The Fableists recently hit up the Museum of Childhood in Bethnal Green. It’s great to have such a fab museum on the right side of town! Parents rest assured, it is literally steps from Bethnal Green station – and it’s free. For locals, it is an ideal place to take kids on a rainy day. There is plenty to keep their attention but also several interactive and play areas that allow them to roam free and get stuck in.
The Museum of Childhood houses the Victoria and Albert Museum’s collection of childhood-related objects and artefacts, spanning the 1600s to the present day. The building was purpose built as a museum and was opened by the Prince of Wales as the Bethnal Green Museum in 1871. It was built as a second, East London outpost of the Brompton-based museum that had been opened some years earlier to house the Department of Practical Arts and the collections of the Museum of Manufacturers, the School of Design and items from the Great Exhibition of the Works of Industry of all Nations of 1851.
Although it was meant to promote awareness of Britain’s cultural heritage to the East End, it had no specific purpose. Members of the royal family began housing excess items in the building and it was then closed during the Second Word War to keep those items safe.
When the museum re-opened, the curator noticed that it was often full of noisy (and bored) children. So he began to fill it with items to amuse them. Queen Mary (the wife of King George V) donated several of her own toys, as did other people who were interested in the project. Slowly, the collection of childhood-related items grew until, in 1973, it became the Museum of Childhood.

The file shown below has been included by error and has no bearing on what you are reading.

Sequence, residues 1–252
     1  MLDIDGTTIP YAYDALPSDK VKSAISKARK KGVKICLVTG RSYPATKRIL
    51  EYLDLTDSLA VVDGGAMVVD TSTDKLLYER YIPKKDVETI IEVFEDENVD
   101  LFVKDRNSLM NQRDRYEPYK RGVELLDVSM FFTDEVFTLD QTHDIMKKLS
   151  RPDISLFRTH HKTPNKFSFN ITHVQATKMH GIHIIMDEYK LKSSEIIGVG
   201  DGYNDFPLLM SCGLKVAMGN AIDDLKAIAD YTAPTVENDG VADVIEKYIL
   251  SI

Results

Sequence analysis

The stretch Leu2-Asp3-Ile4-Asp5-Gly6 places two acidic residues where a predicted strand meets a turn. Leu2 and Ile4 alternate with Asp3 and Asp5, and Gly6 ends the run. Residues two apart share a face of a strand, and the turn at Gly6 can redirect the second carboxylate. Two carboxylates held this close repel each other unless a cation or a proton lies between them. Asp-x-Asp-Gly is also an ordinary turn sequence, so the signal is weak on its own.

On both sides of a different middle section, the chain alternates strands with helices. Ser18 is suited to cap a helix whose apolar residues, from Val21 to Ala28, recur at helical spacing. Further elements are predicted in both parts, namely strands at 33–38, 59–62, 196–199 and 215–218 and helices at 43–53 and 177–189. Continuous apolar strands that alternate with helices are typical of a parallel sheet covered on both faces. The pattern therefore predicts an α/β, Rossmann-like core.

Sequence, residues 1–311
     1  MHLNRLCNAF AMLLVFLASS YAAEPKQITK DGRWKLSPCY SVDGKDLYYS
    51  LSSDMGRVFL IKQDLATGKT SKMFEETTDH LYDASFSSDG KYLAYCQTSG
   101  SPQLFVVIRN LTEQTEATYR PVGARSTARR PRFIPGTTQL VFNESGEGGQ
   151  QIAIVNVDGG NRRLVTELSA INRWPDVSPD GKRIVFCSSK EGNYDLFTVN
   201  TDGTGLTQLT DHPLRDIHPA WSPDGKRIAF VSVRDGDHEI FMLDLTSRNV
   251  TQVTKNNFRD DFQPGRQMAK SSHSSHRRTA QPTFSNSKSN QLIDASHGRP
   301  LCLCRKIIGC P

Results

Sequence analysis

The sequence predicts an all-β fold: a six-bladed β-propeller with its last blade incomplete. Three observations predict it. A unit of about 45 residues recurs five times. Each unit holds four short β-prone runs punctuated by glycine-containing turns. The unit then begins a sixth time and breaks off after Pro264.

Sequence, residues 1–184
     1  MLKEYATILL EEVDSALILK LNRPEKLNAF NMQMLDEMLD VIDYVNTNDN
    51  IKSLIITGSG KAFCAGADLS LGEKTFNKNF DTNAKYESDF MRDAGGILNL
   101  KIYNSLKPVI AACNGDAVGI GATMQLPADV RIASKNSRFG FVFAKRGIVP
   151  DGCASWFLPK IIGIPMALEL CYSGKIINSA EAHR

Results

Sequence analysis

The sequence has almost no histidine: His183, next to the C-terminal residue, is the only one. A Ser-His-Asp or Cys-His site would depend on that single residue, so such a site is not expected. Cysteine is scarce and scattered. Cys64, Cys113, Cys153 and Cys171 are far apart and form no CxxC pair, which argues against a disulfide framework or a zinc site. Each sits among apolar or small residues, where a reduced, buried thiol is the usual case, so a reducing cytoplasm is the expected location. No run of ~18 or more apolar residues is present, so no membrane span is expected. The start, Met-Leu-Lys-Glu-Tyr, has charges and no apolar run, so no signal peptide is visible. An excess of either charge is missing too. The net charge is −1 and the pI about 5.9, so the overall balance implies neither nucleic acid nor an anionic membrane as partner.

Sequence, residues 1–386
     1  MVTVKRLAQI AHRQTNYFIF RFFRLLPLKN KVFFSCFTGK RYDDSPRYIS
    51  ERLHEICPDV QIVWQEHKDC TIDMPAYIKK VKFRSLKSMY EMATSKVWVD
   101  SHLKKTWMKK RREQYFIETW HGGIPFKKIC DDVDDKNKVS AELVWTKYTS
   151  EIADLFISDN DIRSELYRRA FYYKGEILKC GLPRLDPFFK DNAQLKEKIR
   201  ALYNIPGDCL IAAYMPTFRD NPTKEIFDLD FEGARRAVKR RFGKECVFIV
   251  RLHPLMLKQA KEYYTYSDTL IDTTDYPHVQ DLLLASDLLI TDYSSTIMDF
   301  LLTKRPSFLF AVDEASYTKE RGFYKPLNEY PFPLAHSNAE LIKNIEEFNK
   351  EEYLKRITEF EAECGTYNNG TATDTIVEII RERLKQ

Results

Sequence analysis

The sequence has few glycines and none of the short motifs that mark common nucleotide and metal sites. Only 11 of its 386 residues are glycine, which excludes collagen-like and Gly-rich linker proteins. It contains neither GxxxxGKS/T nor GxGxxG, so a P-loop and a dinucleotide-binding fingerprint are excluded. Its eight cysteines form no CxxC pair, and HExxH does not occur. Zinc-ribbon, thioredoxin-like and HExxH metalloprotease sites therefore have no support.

I arrived with two tired kids, so I wasn’t sure how long we’d last. They immediately perked up at the large, welcoming space. There is plenty of space for kids to explore on their own and anything they can’t touch is behind glass. Phew!
There is currently an exhibition in the entrance area called ‘Confiscated Cabinets’, a display of artefacts confiscated in 150 London schools over the last three decades and collected by artist and teacher Guy Tarrant. The homemade games, keepsakes, toys, weapons and other forbidden objects fascinated my kids and fired my nostalgia. The display opened at the V&A Museum of Childhood on 9 November 2013
and runs until 1 June 2014. It’s well worth the visit.
Upcoming events include Daydreams and Diaries: The Story of Jacqueline Wilson, Daydreams and Diaries: The Story of Jacqueline Wilson and Toy Stories, which looks at the role and function of toys in the lives of children around the globe.
The benugo Café is located at the heart of the open-plan space. Fresh, healthy meals are served with lots of kid-friendly items on offer. There is an area outside with picnic tables, if you bring a packed lunch. The Museum also features a quiet room, buggy park and free WiFi throughout the building.
There are daily free activities, including arts and crafts, storytelling and treasure hunts, so it’s definitely worth checking out the times before heading out. The museum has a private party space available for hire as well as a shop.
Open from 10-17:45 daily. Free of charge. Bethnal Green tube. www.museumofchildhood.org.uk